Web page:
Initially, a set of pre-capture 2D images are obtained for a scene. From these pre-capture 2D images, a depth map of the scene may be generated. Additional ways for the creation of a depth map may use external rangefinder techniques. Using the depth map, principal depths are calculated, and used to capture an image focused at each of the principal depths. A correspondence between a 2D image of the scene and the principal depths are determined such that each coordinate of the 2D image corresponds to a specific principal depth. Then, for a given coordinate of the 2D image, a 3D view of the scene is created that is focused at that principal depth that corresponds to the given coordinate. Different given coordinates of the 2D image may be repeatedly selected to create different 3D views of the scene absent taking of another set of 2D images. In some embodiments, the different given coordinates may be obtained based on a user input selection device, capturing a user's eye gaze, or the like. In this way, changing 3D views may be created according to a change in a user's eye gaze onto the scene.

Illustrative Operating Environments

FIG. 1 shows components of an environment in which embodiments may be practiced. Not all the components may be required to practice the embodiments, and variations in the arrangement and type of the components may be made without departing from the spirit or scope of the invention. Moreover, various implementations of the system may include many more or less components than those shown in FIG. 1. However, the components shown are sufficient to disclose an illustrative embodiment for practicing the present invention.

As shown, system 100 of FIG. 1 may represent a camera or any of a variety of other possible portable devices, including cellular telephones, smart phones, display pagers, radio frequency (RF) devices, infrared (IR) devices, Personal Digital Assistants (PDAs), handheld computers, laptop computers, wearable computers, tablet computers, integrated devices combining one or more of the preceding devices, and the like, that may be configurable to capture and process images. In one embodiment, system 100 may include components not shown, such as a lens or other optical elements, and image sensor(s) for receiving images that may be converted into a digital image for processing and subsequent storage within one or more storage devices.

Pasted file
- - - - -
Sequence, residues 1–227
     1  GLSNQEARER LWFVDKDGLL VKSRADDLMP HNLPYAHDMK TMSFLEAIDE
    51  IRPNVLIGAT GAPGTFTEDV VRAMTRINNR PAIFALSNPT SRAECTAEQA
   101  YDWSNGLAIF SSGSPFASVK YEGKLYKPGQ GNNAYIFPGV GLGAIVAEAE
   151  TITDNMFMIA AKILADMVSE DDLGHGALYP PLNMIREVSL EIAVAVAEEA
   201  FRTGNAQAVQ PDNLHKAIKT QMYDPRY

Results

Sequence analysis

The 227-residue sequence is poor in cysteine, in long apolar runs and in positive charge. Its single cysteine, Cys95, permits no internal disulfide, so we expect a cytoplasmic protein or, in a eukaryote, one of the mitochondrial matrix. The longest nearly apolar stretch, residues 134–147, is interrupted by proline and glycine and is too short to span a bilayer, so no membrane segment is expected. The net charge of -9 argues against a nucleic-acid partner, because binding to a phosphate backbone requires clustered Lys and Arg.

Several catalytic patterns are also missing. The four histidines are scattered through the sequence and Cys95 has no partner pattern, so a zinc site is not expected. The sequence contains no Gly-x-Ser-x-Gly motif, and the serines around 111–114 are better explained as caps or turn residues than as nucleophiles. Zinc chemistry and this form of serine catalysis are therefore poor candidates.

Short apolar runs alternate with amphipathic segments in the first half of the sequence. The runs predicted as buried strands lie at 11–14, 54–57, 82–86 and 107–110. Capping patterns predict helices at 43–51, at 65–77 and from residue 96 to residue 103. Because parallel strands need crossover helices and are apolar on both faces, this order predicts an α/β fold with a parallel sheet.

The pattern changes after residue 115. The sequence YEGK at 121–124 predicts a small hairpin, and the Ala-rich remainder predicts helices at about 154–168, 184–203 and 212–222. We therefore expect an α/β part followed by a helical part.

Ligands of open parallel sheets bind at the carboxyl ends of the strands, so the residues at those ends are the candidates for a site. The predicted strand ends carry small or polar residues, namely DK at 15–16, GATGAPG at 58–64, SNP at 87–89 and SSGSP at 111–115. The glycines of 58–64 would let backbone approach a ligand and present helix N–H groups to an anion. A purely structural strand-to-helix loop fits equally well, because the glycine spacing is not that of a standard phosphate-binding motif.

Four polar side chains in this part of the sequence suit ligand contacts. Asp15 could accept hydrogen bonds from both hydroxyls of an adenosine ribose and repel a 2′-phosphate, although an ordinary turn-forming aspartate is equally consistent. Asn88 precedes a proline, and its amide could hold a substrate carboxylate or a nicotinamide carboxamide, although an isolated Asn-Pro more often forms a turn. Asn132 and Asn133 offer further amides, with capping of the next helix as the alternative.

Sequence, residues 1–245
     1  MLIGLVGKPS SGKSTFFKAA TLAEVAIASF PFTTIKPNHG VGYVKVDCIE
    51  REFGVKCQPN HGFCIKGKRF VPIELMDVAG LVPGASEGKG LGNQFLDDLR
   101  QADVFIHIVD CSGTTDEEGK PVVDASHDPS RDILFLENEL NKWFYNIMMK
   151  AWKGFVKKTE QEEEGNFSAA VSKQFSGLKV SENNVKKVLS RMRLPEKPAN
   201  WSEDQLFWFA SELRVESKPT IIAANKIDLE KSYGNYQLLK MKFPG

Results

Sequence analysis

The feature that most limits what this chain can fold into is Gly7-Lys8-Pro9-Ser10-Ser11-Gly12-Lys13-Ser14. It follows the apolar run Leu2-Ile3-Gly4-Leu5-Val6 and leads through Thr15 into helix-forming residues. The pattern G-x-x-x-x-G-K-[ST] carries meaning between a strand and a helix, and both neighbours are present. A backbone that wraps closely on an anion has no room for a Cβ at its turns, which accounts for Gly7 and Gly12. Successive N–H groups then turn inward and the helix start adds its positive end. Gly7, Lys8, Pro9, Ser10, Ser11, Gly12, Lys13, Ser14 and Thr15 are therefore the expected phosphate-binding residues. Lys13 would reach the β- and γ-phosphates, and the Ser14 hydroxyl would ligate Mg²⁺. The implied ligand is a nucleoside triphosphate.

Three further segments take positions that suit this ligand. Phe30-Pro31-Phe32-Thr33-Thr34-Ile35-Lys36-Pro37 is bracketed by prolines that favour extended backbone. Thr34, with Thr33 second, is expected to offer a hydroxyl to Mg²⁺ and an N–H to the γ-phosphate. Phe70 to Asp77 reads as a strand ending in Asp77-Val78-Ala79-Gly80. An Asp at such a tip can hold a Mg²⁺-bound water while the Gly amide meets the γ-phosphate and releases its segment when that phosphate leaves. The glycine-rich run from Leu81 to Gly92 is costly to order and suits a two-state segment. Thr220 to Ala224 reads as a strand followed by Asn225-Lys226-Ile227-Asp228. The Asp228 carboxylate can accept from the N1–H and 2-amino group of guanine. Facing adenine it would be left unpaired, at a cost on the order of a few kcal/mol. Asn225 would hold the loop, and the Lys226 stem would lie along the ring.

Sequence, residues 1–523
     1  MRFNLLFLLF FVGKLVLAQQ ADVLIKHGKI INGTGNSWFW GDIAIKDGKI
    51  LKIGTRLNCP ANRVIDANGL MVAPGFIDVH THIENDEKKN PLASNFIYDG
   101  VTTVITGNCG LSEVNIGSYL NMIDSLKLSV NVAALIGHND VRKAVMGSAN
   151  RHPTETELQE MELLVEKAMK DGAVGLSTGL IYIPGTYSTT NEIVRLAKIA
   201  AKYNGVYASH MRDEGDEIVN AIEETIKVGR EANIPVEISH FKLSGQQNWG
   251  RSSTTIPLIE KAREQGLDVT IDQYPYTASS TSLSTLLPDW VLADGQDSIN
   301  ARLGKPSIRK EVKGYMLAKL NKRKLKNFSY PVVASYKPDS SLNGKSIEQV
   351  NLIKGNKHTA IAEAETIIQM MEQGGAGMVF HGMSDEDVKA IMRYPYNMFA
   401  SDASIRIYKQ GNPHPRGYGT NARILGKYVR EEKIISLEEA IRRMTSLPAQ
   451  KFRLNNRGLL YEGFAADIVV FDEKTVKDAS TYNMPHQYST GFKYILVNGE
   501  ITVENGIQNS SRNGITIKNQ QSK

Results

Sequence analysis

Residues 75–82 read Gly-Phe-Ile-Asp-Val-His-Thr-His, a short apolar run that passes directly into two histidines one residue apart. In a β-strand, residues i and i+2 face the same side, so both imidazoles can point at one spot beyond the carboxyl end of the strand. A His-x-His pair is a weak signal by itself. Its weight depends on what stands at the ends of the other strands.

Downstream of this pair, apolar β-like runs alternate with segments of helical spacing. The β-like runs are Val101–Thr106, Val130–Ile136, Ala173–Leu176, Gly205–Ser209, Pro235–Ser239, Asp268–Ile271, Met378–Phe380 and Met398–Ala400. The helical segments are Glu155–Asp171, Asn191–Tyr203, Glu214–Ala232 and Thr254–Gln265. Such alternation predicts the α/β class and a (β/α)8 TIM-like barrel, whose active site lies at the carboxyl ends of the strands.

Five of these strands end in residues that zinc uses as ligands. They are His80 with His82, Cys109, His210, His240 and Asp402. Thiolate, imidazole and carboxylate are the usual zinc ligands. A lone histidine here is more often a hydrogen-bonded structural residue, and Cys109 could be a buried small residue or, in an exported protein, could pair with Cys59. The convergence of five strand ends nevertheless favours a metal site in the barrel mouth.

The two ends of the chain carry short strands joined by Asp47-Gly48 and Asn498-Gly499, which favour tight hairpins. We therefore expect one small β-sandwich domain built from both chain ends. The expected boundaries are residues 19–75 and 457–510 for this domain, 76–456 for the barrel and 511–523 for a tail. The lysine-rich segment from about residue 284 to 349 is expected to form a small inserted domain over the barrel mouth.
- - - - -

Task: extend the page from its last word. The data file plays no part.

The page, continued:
As shown, system 100 may include components on a single integrated circuit chip or on a plurality of different circuit chips. In any event, components shown in FIG. 1 include a clock circuit 102 for providing clocking signals to the circuit chips and other components. While illustrated as a separate component, it should be understood that clock circuit 102 may also be included on Enhanced Image Processor (EIP) 200, or the like.

Also shown is a volatile random-access memory (RAM) circuit chip 106 that may be coupled to EIP 200 to provide temporary data storage. In one embodiment, RAM 106 may be configured to receive and store image data for use by EIP 200 or output data from EIP 200, as well as to store depth map data, principal depth data, various algorithms, and the like. A separate non-volatile read-only memory (ROM) memory chip 104 is also coupled to EIP 200 and may be employed for storage of a processor program, calibration data, look-up tables (LUTS), non-linear functions, and a variety of other data useable by system 100. In one embodiment, ROM 104 may be flash memory, which is re-programmable, or a memory that is programmable once, such as programmable read-only memory (PROM), electrically programmable read-only memory (EEPROM), or any of a variety of other storage devices.

Although not illustrated, other type of memory or physical storage devices may be included within system 100, including, for example, memory cards that may, include semi-conductor flash electrically erasable and programmable read-only memory, removable rotating magnetic disk storage, removable universal serial bus (USB) devices, or any of a variety of other storage devices. In one embodiment, system 100 may also be configured through Input/Output (I/O) device 108 to access storage devices that may be external to system 100. Thus, it should be understood that EIP 200 may be configured to receive one or more frames of image data, operate upon the received two dimensional image data to create three dimensional image data, compress the three dimensional image data, and store or otherwise send resulting compressed (encoded) data using a variety of storage devices, and/or communication mechanisms, and therefore is not limited to merely those described herein.